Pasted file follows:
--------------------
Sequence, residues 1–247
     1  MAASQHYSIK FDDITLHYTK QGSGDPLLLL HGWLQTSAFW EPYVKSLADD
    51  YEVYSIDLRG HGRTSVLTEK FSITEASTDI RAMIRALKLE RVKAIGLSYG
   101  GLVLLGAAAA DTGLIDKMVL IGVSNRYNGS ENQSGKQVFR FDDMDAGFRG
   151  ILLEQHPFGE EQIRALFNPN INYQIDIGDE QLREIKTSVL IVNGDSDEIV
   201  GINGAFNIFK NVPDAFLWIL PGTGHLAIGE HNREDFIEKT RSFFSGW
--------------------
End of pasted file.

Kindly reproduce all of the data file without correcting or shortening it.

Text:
Sequence, residues 1–247
     1  MAASQHYSIK FDDITLHYTK QGSGDPLLLL HGWLQTSAFW EPYVKSLADD
    51  YEVYSIDLRG HGRTSVLTEK FSITEASTDI RAMIRALKLE RVKAIGLSYG
   101  GLVLLGAAAA DTGLIDKMVL IGVSNRYNGS ENQSGKQVFR FDDMDAGFRG
   151  ILLEQHPFGE EQIRALFNPN INYQIDIGDE QLREIKTSVL IVNGDSDEIV
   201  GINGAFNIFK NVPDAFLWIL PGTGHLAIGE HNREDFIEKT RSFFSGW